While the IC’s research organization looks into adding security to cloud environments, in the here and now, intelligence agencies are sharing more data.
With the proliferation of removable storage devices such as USB flash drives, organizations have become increasingly concerned about the safety of their data.
What's to prevent a user from copying sensitive information from their work computers onto a flash drive and removing it from the premises, in violation of policy? And if users are allowed to use flash drives, what happens if they lose them? Is there any way to safeguard the data stored on these drives when they fall into the wrong hands?
Microsoft Windows 7 provides a solution to both these problems. First, if your Active Directory Domain Services (AD DS) infrastructure is running on Windows Server 2008 or later, you can use Group Policy to prevent users from installing flash drives and other USB removable storage devices on their computers. And if your client computers are running Windows 7, you can use BitLocker To Go to encrypt any data stored on such devices.
Here are tips on how the new operating system can be set to block installation and on how to manage encryption if you allow drive use.
The normal experience in Windows 7 when a user plugs a flash drive into a computer is that a balloon notification appears above the system tray (Figure 1).
Figure 1: Typical installation of a USB flash drive
Administrators who want to block automatic installation of USB storage devices on computers can do so by enabling the Prevent Installation of Removable Devices policy that is found at: Computer Configuration > Policies > Administrative Templates > System > Devices Installation > Device Installation Restrictions.
The prevent installation policy is available in AD DS domains running on Server 2008 or later and can be applied to client computers running Windows Vista or later (Figure 2).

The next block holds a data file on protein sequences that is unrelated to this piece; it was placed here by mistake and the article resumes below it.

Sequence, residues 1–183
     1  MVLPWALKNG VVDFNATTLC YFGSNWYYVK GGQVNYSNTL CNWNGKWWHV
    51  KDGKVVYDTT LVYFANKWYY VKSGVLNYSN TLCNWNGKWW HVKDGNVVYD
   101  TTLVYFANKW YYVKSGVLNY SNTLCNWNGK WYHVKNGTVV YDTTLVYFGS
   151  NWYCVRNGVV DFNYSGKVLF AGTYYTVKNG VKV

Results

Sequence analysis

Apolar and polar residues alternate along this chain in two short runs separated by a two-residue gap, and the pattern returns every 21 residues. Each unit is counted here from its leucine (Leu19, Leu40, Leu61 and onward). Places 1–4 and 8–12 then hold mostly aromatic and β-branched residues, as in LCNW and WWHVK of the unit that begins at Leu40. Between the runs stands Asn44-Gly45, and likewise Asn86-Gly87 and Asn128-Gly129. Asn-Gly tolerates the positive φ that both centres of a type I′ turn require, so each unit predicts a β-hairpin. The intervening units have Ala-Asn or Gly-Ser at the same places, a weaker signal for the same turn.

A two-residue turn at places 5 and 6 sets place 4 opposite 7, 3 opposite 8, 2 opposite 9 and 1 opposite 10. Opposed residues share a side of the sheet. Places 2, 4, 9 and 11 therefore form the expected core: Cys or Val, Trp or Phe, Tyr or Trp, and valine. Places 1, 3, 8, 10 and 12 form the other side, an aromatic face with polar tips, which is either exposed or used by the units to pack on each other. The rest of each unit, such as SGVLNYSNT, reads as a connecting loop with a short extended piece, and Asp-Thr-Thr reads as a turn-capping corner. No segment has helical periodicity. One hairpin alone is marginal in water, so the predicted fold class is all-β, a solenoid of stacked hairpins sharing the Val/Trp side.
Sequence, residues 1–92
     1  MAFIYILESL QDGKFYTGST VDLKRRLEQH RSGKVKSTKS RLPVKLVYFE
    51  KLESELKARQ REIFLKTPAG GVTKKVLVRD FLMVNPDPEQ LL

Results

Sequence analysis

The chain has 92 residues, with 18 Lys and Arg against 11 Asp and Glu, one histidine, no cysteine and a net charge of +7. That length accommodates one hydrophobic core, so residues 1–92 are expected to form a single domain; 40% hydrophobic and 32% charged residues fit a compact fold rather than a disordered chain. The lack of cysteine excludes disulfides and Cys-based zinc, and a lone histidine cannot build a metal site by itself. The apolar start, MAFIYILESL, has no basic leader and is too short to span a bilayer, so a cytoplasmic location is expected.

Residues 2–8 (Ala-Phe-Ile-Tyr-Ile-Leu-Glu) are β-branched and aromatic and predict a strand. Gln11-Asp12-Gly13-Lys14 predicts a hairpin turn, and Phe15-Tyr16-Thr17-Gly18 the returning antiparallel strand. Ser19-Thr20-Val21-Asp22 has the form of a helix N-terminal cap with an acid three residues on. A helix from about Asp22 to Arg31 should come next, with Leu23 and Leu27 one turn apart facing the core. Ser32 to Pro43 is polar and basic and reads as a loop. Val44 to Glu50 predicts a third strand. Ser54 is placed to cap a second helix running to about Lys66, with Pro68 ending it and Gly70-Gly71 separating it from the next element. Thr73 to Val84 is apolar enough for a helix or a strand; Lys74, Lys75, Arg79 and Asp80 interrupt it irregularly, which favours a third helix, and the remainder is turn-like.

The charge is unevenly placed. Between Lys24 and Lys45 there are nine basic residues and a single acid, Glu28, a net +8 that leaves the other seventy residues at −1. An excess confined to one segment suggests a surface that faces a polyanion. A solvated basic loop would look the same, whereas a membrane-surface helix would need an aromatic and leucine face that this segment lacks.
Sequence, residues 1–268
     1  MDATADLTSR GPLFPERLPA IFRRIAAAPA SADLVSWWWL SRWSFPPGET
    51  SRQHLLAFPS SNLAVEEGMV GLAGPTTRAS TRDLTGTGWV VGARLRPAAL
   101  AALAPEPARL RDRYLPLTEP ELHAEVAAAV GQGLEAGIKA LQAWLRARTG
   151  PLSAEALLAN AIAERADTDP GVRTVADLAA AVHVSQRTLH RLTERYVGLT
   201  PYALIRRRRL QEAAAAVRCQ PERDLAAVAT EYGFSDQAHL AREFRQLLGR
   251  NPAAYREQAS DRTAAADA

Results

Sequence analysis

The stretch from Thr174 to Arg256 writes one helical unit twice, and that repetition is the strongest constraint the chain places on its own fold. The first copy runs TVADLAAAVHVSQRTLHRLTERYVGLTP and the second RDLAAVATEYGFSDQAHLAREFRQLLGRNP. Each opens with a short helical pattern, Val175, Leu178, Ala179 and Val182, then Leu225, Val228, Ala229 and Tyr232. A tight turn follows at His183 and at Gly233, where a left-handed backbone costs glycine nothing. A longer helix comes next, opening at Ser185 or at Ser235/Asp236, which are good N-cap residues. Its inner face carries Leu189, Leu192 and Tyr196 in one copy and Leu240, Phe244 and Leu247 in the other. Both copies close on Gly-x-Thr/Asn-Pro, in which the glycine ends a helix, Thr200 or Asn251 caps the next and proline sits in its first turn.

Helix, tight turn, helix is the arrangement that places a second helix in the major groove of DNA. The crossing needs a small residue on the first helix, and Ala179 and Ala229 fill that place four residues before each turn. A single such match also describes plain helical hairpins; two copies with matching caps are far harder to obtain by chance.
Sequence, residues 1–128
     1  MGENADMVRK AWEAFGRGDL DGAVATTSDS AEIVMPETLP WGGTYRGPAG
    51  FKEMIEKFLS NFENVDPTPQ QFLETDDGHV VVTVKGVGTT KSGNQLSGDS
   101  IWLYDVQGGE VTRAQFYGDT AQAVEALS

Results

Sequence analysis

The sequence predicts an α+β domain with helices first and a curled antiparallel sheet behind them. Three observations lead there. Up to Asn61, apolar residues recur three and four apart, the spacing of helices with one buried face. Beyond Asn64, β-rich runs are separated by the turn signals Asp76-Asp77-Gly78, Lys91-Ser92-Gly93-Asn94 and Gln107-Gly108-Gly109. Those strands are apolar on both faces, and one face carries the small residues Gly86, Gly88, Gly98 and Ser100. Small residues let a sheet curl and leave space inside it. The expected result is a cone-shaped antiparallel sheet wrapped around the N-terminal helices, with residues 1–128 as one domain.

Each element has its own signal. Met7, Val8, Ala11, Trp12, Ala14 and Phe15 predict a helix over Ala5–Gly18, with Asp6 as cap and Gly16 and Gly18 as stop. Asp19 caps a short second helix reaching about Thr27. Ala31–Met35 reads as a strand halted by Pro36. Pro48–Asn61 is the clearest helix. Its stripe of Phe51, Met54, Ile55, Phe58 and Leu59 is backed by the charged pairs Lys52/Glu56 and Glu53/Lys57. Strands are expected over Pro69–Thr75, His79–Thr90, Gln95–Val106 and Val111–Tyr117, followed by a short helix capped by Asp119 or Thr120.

Figure 2: Using Group Policy to prevent installation of USB removable storage devices
When the policy setting is applied to a computer running Windows 7 and the user of the computer plugs a flash drive into the computer, one of two things will happen. If the computer recognized the drive before the policy was applied, the drive will still be recognized and will not be blocked. If, however, the flash drive has never been plugged into the computer, Windows will attempt to install the device and then will display a balloon notification indicating that installation was blocked by policy (Figure 3).
Figure 3: Windows cannot install the flash drive because Group Policy is preventing it
One caution before you enable this policy: If you later decide to disable the policy setting to allow use of USB removable storage devices, any device previously blocked from use will not automatically be recognized by the system. Instead, the Devices and Printers window will display any previously blocked device as an "unspecified mass storage device."
To get a blocked device to work properly, the user will need to right-click on the listed device and select Troubleshoot (Figure 4).
Figure 4: Troubleshooting a USB removable storage device that won't automatically install